Located on the famous Croisette, the Majestic is one of Cannes' most famous hotels. It occupies a splendid building and is (slightly overly) proud of its high quality service and refined clientele! This is a luxury establishment for those who want to get to know the glamorous side of Cannes.
The hotel is located on the Croisette, virtually opposite the Palais des Festivals, where the Cannes festival is held. Expect a 30-minute drive to get to the Nice Côte d'Azur airport and 20 minutes to get to the station.
During our visit, renovation work was in progress in the entrance of the Majestic and in an area which was to boast gardens with a swimming pool and a solarium terrace. The completion of these facilities was scheduled for 2010.
The entrance hall lives up to the standards and ambitions of grandeur and luxury of this hotel and to its international renown. Large columns support an incredibly high ceiling (resembling a historical monument) and are decorated with refined flower arrangements that blend in perfectly with the cushy sofas, where guests may recline while they wait for their keys or enjoy a quick break. There are also a few shops (luxury boutiques, needless to say) and window displays.
On the right there is a bar decorated in Egyptian tones, where you'll feel as if you were sitting in a café in Saint Petersburg (or at least as one imagines it): light colours, dark wall-to-wall carpeting and tea served in the afternoon.
There is a bellboy to take care of your luggage, and should you arrive by car, a parking valet is at your disposal: The tone is set upon arrival! After some renovation, the establishment reopened its doors in 2008 and unveiled a modern version of this luxury hotel, where classical elements blend with designer and trendy details.
. We were particularly appreciative of the small details that make all the difference and revive the bubbling spirit of the Belle Epoque era, such as the vintage wooden lift.
At first glance, you can tell that the Majestic Barriere is not a place you come to for its standard rooms. First of all, the standard rooms do not boast a sea view, and one may well wonder if there's any point in coming to Cannes if one can't admire the Croisette and wave to the crowds like any self-respecting movie star!
Secondly, some of the rooms are ridiculously small, and just getting from the bathroom to the bed requires a series elaborate contortions.
For utter luxury, choose a suite with a sea view. They're spacious and are an ode to the concept of luxury in the 21st Century, which is indeed space. There's also their design, a clever mix of modern and classical influences, which helps to provide the perfect setting. The bedroom features a huge bed and will remind you of the stately rooms of the olden days, with dark and traditional wall-to-wall carpeting. This classical style comes as a stark contrast to the more modern elements such as the bedding's neutral tones, the mp3 dock, the massive flat screen TV and the darker tones or the simple lines of the furniture. These accessories are made by famous international brands such as 'Berlutti'. In short, this is a setting with chic influences that are slightly reminiscent of the Napoleonic era, revisited by the Milan school of design, and both trendy and minimalist.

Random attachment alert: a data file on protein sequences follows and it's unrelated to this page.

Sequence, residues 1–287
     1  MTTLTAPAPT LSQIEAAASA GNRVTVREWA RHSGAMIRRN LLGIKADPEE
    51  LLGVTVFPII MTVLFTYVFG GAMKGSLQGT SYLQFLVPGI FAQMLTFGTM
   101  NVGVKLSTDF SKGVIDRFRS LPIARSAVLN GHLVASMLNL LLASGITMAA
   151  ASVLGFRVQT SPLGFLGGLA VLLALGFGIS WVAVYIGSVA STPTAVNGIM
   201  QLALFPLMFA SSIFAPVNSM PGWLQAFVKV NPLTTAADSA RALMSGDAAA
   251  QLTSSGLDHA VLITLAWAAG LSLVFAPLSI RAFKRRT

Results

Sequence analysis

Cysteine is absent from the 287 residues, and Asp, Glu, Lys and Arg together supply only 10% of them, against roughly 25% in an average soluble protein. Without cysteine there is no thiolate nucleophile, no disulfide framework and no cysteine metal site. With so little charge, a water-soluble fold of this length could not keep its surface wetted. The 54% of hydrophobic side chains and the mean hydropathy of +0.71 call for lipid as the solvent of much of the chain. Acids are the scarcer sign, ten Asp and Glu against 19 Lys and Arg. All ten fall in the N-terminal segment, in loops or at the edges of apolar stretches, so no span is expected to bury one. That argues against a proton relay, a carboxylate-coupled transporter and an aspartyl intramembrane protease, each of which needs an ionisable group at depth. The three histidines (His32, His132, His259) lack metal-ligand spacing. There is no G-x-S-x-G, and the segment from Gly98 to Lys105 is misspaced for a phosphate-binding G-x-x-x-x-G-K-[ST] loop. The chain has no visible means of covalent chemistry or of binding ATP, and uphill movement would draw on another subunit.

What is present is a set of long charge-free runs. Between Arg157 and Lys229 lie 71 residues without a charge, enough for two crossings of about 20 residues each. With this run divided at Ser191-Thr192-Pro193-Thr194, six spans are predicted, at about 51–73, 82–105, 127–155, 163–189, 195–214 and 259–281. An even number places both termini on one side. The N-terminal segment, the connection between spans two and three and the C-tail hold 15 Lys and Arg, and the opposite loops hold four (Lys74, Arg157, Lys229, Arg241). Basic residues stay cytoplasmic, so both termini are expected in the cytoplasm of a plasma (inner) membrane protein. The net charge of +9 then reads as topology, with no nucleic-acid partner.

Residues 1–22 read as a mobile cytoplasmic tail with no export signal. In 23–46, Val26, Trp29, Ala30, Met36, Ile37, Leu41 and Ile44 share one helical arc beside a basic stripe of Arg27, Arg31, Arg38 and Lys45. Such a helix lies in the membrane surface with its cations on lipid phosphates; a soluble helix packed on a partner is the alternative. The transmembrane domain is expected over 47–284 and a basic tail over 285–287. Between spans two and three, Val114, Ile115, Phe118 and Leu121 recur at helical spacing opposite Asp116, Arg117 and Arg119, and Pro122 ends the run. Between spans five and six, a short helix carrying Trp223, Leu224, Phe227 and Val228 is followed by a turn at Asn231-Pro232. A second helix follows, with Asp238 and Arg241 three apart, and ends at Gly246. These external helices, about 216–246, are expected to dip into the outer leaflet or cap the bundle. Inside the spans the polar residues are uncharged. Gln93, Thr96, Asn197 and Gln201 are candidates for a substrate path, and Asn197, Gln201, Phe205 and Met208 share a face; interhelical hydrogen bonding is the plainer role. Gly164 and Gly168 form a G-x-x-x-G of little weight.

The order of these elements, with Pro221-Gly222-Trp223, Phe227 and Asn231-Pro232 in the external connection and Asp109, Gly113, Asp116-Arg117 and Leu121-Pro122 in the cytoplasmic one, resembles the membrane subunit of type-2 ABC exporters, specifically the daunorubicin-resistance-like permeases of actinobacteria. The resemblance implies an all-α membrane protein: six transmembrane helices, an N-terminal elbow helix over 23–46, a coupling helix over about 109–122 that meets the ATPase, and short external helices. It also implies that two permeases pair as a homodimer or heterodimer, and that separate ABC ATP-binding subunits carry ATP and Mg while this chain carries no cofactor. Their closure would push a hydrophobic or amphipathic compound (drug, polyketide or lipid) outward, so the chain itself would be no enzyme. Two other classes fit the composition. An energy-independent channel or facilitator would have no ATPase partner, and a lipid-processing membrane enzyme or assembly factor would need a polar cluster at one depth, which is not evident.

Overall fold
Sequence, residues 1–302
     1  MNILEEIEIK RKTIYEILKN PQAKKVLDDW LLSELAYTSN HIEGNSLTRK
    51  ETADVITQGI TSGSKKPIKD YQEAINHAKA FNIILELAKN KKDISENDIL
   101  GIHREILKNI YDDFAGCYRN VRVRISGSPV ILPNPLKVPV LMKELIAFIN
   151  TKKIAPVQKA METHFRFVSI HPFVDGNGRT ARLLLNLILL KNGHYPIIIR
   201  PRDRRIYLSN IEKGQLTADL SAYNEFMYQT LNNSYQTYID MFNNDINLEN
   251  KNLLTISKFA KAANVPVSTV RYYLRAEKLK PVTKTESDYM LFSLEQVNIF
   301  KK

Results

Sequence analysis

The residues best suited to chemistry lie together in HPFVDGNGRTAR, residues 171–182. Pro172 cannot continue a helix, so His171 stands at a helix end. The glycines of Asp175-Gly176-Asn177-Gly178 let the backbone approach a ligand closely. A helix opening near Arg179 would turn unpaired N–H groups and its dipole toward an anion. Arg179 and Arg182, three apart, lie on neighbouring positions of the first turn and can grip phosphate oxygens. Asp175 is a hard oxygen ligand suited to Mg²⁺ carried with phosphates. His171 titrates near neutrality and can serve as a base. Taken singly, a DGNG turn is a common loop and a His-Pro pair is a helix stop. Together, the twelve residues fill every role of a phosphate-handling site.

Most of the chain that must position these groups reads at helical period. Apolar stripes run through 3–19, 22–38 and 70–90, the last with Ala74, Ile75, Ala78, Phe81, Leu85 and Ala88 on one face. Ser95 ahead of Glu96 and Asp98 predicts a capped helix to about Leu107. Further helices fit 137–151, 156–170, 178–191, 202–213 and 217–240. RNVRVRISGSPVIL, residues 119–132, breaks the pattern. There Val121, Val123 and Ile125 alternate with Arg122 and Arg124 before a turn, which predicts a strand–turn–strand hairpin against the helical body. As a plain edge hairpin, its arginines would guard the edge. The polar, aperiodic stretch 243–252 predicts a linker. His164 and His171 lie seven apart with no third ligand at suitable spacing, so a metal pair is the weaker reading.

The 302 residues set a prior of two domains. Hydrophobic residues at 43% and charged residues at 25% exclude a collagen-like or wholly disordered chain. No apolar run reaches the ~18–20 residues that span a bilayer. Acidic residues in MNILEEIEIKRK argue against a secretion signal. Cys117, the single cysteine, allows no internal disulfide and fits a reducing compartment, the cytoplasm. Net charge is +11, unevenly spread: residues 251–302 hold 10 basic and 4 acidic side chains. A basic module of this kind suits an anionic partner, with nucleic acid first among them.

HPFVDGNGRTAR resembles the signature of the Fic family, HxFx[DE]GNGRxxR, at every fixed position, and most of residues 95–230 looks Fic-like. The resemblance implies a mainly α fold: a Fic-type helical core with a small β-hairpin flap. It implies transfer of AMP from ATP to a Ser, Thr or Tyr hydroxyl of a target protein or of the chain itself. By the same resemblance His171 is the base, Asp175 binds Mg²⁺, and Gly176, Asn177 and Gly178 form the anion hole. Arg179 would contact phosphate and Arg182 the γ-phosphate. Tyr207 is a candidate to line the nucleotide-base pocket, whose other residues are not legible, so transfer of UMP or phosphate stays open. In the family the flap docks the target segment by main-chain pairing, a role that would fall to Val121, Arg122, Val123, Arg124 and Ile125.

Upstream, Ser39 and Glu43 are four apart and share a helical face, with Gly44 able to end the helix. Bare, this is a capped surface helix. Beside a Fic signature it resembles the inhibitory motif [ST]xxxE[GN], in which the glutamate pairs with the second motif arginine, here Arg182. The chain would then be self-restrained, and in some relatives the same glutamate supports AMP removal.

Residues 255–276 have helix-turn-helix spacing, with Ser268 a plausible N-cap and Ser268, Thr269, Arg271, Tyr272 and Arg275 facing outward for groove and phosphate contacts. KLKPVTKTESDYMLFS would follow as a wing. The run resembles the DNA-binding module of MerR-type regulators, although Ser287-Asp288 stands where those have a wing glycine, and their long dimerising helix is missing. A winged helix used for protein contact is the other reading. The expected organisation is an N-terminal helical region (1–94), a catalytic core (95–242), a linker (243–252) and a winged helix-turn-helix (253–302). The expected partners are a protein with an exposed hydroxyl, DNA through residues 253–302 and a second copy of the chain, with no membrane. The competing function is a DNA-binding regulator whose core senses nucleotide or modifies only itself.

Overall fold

Then there's the bathroom, which is slightly less modern but just as impressive: it shows an enthusiastic use of marble mixed with a wide range of technological details (the thermometer in the shower for instance). However, the bathroom is generally rather classical in style, something that lovers of all that's modern should bear in mind
In addition to the suites, the hotel offers several categories of rooms, different only in the view they offer: the Deluxe rooms have a sea view, the Executive ones are situated in the side wing of the building and the Superior rooms afford a view of the city. The suite sadly remains unaffordable for most people, but it's worth booking a Superior room at least, mainly because it's only from this category of room upwards that the size can be described as reasonable (approximately 25 m²), unlike the standard rooms that are closer to 17 m². Their interior decor resembles that of the suites, with the clever mix of classical undertones and modern touches. For some unfathomable reason, the bathroom is entirely clad in pink marble. Apparently it's all the rage.
Everyone knows or has heard of the Majestic Barrière's restaurant: The Brasserie-Restaurant, 'Le Fouquet's'. Needless to say that this is one of the better known establishments of the French gastronomic scene. With a reputation spanning from Paris to Cannes, it's one of those fashionable places where you come to admire and to be admired. You also come here for the fine cuisine, as the establishment often relies on the services of the biggest international chefs.
In Cannes, Le Fouquet's specialises in modern cuisine and offers theme menus, such as 'Gastronomic Italy'. Next to the reception area, the restaurant affords a view of the Croisette and its daily (and nightly) comings and goings. Light comes in through large bay windows and the room is decorated in a simple style, which will make you feel at home: wall-to-wall carpeting, skylights and large American-style counters with a series of black and white photos of movie stars. However, the alignment of all of the wall-mounted flat screen TV sets is unfortunate and the constant broadcast of advertisements and fashion show footage excludes any sense of visual tranquillity...
Further inside, the Bar seems to be trying to put on the appearance of some sort of an Egyptian 'smoking room" with numerous sculptures. There is five o'clock tea and wall-to-wall carpeting, but it is maybe slightly too traditional in style.
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